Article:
The application of autonomous underwater vehicles to challenges in marine habitat mapping and predictive species distribution modelling

Examples of benthic megafauna observed 1200 meter deep off Rockall Bank, North-East Atlantic

Title: The application of autonomous underwater vehicles to challenges in marine habitat mapping and predictive species distribution modelling

Funder and duration: University of Plymouth 2016 – 2020.

Lead partner: University of Plymouth

Location: United Kingdom

University of Plymouth staff: Dr Kerry Howell (PI), Nils Piechaud

In a context of increasing anthropogenic pressure on deep-sea ecosystems with fishing, mining and pollution now reaching the largest environment on the planet, protection measures have to be implemented to preserve this fragile environment. Conservation of biodiversity relies on a sound and comprehensive understanding of species distribution and ecosystems composition and dynamics. Currently, our knowledge of many marine ecosystems, particularly in the deep sea, is insufficient to anticipate changes over time and design appropriate strategies. Among the many challenges that have long impeded the efficient conservation of deep-sea ecosystems, the understanding of fine scale species distribution drivers and how that knowledge can be applied to conservation is of particular importance.

Deep-sea ecological surveys are logistically complex, time consuming and costly. Thus, increasing the sampling effort cannot be the solution and researchers have to make the best possible use of their time at sea to gather enough data. While, the most commonly used sampling systems have largely evolved and improved since the early days of deep-sea exploration, they still haven’t been able to tackle that specific challenge.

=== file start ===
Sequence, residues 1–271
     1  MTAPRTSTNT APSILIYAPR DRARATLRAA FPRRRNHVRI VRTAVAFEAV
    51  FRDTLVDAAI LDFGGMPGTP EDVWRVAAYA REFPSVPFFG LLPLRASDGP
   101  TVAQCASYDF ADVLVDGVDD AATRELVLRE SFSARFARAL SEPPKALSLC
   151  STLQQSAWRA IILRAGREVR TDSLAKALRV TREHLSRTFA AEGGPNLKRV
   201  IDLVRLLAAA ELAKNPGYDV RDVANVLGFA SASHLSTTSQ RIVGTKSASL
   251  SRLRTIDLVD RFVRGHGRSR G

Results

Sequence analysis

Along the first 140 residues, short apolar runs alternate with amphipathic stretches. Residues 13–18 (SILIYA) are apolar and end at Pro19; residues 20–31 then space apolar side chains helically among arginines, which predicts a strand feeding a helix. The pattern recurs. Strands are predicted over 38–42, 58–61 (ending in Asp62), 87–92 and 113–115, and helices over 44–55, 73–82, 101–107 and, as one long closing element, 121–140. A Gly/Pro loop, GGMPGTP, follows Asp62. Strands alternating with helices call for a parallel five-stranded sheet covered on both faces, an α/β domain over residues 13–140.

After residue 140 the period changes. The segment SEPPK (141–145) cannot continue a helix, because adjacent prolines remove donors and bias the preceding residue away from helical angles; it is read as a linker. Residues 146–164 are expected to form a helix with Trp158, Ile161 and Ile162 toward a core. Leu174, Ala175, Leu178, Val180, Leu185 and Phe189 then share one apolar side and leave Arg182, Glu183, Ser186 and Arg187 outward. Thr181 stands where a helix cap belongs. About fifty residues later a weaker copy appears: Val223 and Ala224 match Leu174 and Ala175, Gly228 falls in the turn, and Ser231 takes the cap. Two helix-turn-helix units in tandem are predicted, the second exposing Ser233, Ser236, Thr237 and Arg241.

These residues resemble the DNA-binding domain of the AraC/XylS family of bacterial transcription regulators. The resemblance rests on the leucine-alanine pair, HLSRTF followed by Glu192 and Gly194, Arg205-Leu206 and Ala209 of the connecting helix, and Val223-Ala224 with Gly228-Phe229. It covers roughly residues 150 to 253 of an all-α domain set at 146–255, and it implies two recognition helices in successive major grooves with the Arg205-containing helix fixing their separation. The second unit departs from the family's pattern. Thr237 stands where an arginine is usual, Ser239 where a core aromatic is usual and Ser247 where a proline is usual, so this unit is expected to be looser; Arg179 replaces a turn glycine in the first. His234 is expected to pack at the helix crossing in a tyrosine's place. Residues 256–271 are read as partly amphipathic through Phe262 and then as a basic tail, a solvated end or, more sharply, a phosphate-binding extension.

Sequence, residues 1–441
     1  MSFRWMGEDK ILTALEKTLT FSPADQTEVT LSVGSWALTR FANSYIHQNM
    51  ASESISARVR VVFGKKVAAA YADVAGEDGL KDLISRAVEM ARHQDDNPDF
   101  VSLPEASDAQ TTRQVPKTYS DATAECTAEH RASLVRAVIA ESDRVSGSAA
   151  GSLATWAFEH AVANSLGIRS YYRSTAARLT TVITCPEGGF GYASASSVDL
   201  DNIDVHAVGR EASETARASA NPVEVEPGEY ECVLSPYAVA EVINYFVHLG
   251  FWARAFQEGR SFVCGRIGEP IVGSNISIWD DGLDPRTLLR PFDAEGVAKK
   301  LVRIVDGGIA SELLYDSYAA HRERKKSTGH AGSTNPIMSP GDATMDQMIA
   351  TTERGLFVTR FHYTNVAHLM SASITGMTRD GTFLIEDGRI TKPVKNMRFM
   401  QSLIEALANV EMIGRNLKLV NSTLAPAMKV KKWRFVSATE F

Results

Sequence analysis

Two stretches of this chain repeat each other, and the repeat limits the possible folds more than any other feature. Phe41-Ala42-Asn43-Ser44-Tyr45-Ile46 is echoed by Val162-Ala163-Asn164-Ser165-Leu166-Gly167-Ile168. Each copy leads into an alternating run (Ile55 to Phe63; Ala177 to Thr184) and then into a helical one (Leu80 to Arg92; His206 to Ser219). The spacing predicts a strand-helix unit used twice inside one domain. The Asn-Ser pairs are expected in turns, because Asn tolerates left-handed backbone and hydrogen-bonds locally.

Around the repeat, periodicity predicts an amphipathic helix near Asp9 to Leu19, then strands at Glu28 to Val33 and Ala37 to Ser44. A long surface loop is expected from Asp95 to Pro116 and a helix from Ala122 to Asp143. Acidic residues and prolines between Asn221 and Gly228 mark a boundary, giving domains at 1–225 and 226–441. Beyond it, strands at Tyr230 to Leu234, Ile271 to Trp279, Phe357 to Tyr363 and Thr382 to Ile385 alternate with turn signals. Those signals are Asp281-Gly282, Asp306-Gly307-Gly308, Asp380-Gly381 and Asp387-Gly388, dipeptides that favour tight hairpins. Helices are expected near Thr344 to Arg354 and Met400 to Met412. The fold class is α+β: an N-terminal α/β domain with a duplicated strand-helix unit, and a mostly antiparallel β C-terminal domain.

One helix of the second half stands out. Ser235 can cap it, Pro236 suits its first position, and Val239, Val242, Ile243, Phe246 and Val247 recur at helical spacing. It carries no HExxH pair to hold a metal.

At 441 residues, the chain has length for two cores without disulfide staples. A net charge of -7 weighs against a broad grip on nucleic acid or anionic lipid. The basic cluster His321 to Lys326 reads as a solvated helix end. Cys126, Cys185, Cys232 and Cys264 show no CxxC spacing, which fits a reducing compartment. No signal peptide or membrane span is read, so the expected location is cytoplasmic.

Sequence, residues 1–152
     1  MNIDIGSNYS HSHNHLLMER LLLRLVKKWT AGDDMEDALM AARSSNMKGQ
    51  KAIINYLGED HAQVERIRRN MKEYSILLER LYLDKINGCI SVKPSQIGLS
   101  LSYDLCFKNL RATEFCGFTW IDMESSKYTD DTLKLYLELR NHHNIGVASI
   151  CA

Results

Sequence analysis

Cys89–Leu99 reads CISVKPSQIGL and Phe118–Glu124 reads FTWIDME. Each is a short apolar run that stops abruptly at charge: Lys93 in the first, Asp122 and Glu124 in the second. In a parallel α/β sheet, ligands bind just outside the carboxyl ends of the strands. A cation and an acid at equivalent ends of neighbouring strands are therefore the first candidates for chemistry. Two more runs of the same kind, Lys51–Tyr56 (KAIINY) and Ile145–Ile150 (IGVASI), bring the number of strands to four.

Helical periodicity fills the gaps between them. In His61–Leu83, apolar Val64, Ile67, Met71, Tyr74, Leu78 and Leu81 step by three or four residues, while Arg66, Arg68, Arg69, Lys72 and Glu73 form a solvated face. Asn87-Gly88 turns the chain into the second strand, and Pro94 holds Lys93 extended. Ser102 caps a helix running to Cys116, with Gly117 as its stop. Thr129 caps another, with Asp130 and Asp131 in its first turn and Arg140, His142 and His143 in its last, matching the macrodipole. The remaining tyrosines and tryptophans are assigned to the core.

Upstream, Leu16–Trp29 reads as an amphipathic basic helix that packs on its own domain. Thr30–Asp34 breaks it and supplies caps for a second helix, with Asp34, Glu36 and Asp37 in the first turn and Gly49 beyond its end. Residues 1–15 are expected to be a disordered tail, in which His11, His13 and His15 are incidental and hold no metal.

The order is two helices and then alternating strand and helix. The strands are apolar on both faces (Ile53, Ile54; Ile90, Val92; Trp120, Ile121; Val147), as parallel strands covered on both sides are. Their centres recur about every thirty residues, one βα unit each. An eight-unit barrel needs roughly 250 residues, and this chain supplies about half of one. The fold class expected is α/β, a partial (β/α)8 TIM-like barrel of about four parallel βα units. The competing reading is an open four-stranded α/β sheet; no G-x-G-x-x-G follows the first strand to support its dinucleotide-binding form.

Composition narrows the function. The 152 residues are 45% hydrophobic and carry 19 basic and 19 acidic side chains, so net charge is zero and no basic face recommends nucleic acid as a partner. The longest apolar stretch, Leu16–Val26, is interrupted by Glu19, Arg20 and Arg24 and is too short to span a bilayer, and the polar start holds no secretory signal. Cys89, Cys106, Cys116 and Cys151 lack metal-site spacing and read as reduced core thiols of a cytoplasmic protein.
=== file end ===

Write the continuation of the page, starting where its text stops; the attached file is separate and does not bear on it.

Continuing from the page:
Autonomous Underwater Vehicles (AUV) offer numerous opportunities to collect large amount of data with a wide range of instrument to survey deep-sea benthic ecosystems and their direct environments. However, the technology is new and has yet to be widely applied to ecological datasets. To be more than theoretical promises, AUV-based methodologies have to be implemented in field studies with objectives to only develop new tools but explore the results and include then within the much wider frame of ecological research, where their results need to be comparable to other methodologies, available structures, gears, budgets and skills.

Furthermore, experience with AUVs has shown that the sheer volume of data collected is beyond the analysis capacity of most ecology research teams who currently rely on manual processing. This is particularly true for image data, which is an essential component of benthic ecological surveys. By consequence, means to automate the analysis of that data as well as the collection also need to be investigated to complete these objectives.

This thesis will attempt to tackle the challenge in a case study of deep benthic epifauna diversity and fine scale distribution. To that end, it will make use of the large amount of data collected by an AUV, particularly, the very high number of images that give near-full coverage of station ground. This naturally leads to investigating the automation of the image analysis process with artificial intelligence in order to annotate that big data set. The near full coverage of a study area with different types of data will enable a very detailed investigation of species diversity and fine scale distribution in an attempt to answer some fundamental questions in ecology that, so far, have eluded scientists. Eventually, all the different types of data will be combined into a habitat map to allow study of environmental drivers of species distribution and present a synthesis of all the results.

<p>The UK’s national AUV Autosub 6000 before Launching on RRS James Cook during the Deeplinks Cruise in 2016<br></p>
The UK’s national AUV Autosub 6000 before Launching on RRS James Cook during the Deeplinks Cruise in 2016
<p>Example of annotated image of benthic megafauna captured by an AUV<br></p>
Example of annotated image of benthic megafauna captured by an AUV

“Yes, we know the surface of Mars and Venus better than the deep-sea. Those planets were explored entirely by robots, it is time we use them here too.” 

Nils Piechaud

“The use of artificial intelligence to speed up the analysis of seafloor image data is a key part of using robots to understand more about the deep-sea ecosystem. Here at Plymouth we are taking the first steps towards automation.”

Dr Kerry Howell